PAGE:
The following weekend gave us an opportunity to do some more sticky-beaking, as Melbourne held their annual Open House. During this event, various downtown apartments, businesses, and historic buildings are open and free for the public come and look around.
The first building was a office that featured a roof top garden for their employees. Wouldn’t you like to eat your lunch up here?
The Melbourne Athenaeum, a historic library that is still open today, featured some beautiful details. Unfortunately, the price of membership has gone up considerably.
In the same building, a movie house that has been converted into a theatre (isn’t it usually the other way around?) had a stunning ceiling.
I loved the stained glass windows and painted trim in this church.
We weren’t sure what to make of this lion, who I believe is wearing a chef hat and holding a rolling pin. Maybe he’s baking the communion bread?
In the basement of the Treasury Building, we saw where the minister of the treasury and his family lived in the 1800s. We also saw the vaults where gold was stored during the gold rush (the main event that caused the growth of Melbourne). The vaults were only used for gold for a short time though, and then they had a much less glamorous job as storage for files.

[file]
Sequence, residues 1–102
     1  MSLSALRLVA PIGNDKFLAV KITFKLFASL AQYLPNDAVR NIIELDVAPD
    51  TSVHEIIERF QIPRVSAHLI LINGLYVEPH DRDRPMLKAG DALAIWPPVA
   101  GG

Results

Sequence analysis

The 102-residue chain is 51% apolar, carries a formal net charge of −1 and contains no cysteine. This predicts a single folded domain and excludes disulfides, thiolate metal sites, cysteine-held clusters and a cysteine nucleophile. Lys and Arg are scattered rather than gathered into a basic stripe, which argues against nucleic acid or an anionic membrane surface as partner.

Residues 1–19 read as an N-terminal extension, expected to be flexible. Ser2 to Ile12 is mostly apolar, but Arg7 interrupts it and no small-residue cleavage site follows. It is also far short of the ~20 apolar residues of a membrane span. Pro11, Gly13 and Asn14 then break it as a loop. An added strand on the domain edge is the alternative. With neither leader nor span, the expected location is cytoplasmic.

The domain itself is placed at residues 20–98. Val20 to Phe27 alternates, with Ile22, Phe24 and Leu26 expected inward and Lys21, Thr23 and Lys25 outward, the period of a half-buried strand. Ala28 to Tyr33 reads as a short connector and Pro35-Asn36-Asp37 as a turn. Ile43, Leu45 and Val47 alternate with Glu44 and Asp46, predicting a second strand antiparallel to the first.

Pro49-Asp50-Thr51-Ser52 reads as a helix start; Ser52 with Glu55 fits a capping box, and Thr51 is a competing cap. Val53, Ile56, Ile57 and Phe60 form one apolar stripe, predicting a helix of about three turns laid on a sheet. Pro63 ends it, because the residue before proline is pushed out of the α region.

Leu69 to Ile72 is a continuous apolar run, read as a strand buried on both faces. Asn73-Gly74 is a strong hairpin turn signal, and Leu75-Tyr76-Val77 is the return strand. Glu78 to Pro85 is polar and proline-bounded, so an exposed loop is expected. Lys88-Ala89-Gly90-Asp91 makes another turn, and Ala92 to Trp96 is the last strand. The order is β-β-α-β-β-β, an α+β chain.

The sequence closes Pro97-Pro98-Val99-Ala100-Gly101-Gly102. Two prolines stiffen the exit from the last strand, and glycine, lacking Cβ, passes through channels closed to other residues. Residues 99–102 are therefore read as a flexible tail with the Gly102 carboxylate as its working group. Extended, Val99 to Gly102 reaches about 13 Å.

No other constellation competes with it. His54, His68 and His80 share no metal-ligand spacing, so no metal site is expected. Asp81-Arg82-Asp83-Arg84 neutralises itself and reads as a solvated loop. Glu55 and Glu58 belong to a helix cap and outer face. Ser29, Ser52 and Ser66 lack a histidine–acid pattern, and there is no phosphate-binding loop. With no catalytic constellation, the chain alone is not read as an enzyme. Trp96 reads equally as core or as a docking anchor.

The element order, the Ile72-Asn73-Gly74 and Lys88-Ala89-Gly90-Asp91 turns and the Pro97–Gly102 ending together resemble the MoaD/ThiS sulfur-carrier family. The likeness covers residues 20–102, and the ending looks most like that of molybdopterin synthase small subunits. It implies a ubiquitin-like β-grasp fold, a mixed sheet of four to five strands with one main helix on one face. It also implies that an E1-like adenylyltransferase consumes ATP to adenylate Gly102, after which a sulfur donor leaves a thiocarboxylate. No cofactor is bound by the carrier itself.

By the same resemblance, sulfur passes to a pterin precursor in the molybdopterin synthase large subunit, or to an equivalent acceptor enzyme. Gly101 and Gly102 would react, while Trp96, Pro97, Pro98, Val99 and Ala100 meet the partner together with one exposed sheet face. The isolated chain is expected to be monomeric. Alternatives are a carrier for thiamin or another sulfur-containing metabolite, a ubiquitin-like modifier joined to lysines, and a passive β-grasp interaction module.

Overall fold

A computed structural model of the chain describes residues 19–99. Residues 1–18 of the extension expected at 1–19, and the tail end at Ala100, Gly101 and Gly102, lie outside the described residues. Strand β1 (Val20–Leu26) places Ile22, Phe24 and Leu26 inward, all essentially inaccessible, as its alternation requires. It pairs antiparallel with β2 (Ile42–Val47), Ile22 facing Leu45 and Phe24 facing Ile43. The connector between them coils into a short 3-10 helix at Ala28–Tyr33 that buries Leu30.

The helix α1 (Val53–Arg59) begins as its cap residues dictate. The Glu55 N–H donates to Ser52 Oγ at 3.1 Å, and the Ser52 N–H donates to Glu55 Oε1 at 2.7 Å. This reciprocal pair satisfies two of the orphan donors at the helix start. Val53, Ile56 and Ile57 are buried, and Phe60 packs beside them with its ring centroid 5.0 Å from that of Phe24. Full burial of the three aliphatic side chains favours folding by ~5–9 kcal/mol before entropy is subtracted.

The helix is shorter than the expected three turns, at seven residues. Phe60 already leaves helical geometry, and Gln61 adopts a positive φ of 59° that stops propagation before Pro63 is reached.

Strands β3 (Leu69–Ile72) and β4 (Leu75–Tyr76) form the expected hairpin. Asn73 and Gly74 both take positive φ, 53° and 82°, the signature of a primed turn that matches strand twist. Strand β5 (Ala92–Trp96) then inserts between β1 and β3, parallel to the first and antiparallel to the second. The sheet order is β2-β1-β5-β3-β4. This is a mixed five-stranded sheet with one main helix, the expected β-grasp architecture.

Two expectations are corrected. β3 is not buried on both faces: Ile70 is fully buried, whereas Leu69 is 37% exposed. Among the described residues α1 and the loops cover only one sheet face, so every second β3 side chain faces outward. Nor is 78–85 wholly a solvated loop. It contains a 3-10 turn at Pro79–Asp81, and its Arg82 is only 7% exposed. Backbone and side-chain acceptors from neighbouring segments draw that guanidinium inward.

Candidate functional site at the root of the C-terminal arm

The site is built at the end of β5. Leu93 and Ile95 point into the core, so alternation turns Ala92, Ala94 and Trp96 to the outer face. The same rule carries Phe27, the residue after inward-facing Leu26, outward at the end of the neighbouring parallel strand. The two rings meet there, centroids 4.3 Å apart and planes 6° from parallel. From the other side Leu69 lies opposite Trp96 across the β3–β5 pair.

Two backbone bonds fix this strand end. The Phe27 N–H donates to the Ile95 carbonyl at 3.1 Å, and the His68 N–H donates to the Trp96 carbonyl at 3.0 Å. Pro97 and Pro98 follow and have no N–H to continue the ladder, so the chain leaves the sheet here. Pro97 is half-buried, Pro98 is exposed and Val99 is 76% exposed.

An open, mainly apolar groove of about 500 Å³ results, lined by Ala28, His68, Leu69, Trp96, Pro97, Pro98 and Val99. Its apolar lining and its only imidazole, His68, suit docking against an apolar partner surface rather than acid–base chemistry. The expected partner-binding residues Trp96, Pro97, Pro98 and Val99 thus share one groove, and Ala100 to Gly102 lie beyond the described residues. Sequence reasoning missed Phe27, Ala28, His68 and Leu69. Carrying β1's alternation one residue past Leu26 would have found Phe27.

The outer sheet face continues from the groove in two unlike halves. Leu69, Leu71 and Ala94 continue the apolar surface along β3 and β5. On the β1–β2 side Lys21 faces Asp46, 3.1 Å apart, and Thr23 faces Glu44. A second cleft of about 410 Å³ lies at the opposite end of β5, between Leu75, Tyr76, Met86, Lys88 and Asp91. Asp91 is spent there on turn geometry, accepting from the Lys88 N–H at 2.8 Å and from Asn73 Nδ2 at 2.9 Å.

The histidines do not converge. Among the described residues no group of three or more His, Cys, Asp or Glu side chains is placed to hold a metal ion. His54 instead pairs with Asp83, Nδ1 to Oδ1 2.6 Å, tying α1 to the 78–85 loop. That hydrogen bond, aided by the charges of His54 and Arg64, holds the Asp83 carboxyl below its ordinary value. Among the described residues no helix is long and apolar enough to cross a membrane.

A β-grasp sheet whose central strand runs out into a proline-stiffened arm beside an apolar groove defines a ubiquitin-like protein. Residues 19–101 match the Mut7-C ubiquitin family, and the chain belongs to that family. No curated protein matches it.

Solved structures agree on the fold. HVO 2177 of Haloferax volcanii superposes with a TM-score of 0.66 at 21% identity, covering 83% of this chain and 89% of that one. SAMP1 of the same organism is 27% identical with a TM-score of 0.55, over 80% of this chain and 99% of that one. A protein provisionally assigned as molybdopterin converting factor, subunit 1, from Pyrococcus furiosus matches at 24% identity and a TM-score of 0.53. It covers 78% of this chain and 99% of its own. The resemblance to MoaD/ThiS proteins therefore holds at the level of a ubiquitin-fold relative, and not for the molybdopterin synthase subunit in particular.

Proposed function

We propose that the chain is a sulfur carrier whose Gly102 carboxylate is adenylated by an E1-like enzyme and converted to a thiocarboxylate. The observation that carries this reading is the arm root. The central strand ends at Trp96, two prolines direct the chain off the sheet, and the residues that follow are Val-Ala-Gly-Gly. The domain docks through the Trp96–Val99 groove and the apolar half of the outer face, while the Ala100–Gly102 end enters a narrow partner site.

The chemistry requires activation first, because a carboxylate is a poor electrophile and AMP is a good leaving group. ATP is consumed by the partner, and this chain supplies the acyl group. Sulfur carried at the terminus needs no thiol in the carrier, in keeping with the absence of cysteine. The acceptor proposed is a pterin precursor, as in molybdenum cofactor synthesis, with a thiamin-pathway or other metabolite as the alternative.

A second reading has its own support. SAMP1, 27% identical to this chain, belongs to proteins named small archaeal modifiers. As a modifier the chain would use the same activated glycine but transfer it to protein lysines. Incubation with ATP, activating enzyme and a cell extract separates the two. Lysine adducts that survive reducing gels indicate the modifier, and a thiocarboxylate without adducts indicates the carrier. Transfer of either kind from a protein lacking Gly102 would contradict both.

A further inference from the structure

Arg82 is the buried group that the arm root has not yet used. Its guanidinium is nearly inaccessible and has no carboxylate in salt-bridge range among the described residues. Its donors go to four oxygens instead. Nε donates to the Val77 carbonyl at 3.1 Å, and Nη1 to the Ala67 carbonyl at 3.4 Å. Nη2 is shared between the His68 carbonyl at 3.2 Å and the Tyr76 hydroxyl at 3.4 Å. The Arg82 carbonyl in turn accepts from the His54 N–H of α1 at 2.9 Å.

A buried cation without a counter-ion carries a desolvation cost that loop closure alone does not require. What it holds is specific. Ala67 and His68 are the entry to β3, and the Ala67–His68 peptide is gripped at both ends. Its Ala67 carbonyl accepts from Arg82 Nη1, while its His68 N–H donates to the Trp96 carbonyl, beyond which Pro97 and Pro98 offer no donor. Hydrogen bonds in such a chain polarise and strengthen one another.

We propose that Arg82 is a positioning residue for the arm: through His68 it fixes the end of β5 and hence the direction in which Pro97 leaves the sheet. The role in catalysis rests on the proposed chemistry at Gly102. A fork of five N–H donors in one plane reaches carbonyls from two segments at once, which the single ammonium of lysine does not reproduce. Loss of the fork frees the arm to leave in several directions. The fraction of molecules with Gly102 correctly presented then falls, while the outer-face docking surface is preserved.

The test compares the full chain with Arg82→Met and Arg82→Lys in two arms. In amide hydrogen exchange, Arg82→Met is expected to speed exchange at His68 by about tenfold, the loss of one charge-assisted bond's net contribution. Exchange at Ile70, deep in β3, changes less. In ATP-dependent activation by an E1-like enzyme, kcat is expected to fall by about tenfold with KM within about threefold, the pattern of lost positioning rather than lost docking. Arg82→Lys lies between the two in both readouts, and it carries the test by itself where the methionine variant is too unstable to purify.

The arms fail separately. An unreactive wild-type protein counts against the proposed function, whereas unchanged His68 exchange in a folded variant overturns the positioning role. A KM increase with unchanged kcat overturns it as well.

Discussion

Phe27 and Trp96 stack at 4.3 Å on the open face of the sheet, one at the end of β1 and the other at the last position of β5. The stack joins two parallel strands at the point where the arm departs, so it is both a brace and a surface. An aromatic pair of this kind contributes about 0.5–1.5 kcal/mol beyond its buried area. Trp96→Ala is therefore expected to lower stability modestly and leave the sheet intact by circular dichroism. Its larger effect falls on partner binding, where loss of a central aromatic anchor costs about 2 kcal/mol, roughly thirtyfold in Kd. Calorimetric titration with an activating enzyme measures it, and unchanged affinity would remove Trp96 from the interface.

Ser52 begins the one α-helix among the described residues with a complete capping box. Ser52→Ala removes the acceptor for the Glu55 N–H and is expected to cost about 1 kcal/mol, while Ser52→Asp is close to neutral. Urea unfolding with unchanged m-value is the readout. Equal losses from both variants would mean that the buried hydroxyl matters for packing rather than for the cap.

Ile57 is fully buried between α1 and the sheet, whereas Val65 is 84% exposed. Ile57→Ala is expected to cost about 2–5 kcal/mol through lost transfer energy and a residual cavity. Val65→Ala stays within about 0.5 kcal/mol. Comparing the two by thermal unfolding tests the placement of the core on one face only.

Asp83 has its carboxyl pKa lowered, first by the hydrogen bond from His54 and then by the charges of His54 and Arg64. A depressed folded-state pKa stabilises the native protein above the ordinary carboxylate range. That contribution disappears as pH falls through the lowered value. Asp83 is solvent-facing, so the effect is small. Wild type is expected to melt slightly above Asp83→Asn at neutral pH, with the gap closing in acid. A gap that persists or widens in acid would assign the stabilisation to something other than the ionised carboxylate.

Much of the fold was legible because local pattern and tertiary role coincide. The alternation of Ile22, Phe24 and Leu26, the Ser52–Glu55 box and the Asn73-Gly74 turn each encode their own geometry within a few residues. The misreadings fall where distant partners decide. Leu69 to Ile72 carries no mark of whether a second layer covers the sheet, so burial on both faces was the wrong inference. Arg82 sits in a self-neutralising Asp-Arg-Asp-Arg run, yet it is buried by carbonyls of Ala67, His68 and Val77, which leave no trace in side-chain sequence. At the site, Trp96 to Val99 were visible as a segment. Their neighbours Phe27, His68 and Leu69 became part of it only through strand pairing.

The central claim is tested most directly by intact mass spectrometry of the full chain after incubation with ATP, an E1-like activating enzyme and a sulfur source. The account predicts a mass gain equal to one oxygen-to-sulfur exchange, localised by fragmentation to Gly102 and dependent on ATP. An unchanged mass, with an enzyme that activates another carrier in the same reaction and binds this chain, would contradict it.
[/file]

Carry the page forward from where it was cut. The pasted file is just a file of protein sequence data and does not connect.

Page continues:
The last building, and my favorite, was a terrace house that was saved by the historical society and then became their offices. The building had an interesting history of wealthy residents, time as a boarding house and possible brothel, and then restoration to its former glory.
Love the tiled porches.
Beautiful terrace details
There is so much to discover in Melbourne and we didn’t have a chance to see a lot of the buildings. Too bad the buildings won’t be open for another year!